Monthly Archives: October 2012
Check out this Lollapalooza best of video from the team over at Alderman Media. For more info, rush over to aldermanmedia.com
Both bass and guitar play off each other’s strengths to form an unstoppable force of motivation for anyone who happens to listen. Active lyrics delivered with just the amount of angst to really hit home. Circa Survive has done it again, challenging their listeners to infuse art with issues, music with urgency.
Circa Survive released its fourth album on Aug. 28 with much anticipation that it did not disappoint. This album is definitely a figurative and literal journey for the band, being self-produced for the first time of its career. Circa also toured with progressive-alternative rock bands O’Brother, Balance And Composure and Touché Amore from Sept. 13 until Oct. 26, showing their extreme versatility both in musical outreach and performance bravado.
The Violent Waves tour stormed Chicago’s Vic Theatre on Oct. 20, a quaint venue for such powerful acts. O’Brother, natives of Atlanta, opened the gig with their captivatingly eerie tracks off of their latest album, Garden Window. Their set left the crowd with a bone-chilling enthusiasm that propelled the suspense of the headlining act a sort of ecstasy.
Following O’Brother were bands Balance And Composure and Touché Amore, upping the anticipation and driving the crowd, to put it simply, insane.
Touché Amore’s set was 20 songs too long, especially knowing that Circa Survive was so close… yet so far away. Although their stage presence was a force to be reckoned with, their set seemed to be composed of the same song set on repeat.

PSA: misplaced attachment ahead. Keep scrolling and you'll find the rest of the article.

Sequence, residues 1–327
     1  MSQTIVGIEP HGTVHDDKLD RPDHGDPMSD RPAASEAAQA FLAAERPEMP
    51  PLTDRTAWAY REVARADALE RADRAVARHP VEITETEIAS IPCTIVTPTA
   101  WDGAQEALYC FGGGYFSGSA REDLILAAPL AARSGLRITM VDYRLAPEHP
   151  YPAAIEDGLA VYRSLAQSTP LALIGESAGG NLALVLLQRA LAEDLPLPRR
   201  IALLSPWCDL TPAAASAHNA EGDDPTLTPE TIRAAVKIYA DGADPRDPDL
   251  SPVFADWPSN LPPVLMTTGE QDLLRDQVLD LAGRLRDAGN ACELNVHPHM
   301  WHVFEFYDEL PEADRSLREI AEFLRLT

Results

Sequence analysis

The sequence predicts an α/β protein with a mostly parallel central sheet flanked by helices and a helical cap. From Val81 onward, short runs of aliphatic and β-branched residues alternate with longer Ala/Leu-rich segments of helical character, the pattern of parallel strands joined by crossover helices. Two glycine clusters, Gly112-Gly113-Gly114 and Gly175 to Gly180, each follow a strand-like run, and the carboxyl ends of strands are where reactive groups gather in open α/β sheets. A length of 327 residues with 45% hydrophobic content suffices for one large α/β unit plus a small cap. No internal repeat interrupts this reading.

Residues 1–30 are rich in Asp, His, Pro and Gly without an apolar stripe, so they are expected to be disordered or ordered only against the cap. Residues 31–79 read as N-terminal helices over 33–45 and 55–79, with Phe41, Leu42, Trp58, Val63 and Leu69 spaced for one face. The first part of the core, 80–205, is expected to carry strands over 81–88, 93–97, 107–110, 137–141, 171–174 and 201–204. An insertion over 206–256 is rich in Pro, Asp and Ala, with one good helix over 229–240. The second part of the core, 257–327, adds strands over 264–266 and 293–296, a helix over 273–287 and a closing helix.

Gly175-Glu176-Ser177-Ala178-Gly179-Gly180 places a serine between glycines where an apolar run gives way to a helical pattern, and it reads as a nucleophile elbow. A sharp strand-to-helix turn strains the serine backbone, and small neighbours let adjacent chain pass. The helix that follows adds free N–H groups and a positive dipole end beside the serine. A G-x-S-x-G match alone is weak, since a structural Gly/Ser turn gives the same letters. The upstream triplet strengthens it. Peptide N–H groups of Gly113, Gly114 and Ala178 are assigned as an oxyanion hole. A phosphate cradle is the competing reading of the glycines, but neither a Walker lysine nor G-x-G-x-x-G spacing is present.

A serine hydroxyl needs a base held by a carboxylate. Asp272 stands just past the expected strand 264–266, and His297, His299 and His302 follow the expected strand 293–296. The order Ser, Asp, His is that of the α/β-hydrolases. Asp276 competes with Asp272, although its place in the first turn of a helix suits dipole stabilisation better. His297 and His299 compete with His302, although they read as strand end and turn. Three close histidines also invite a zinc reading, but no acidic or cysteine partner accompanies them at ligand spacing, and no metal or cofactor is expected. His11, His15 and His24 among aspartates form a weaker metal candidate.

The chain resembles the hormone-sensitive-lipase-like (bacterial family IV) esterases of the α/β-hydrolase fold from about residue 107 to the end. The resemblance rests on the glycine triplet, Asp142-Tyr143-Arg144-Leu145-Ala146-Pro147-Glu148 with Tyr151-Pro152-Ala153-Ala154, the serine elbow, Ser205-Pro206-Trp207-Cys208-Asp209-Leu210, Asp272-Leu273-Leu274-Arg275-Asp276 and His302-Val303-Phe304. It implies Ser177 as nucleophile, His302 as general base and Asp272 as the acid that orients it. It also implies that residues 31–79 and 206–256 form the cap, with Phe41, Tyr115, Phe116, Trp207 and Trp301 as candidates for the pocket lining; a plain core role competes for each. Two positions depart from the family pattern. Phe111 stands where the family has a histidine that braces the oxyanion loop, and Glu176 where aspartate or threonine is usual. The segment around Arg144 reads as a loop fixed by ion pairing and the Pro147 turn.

Circa Survive’s diversity within the tour was noble, but seemed to come up short. With Touché Amore off the stage, the static in the air grew thicker as the headlining band was preparing to put on a show that would leave its audience speechless.
Songs played off of “Juturna,” “On Letting Go”, and “Blue Sky Noise”, although extremely rich and layered, seemed to be in a state of stasis in comparison to their newest gift to the world of alternative music.
With Violent Wave’s opener, “Birth of the Economic Hitman,” and second track, “Sharp Practice,” the urgent concept of action is undeniable and finite. Front man Anthony Green stole the entire show, hands down. By the first song on the list, Green was in the crowd, making sure his enchanting energy was spread. A thrilling stage presence was met with incredible vocals and a full-bodied sound from the entire band.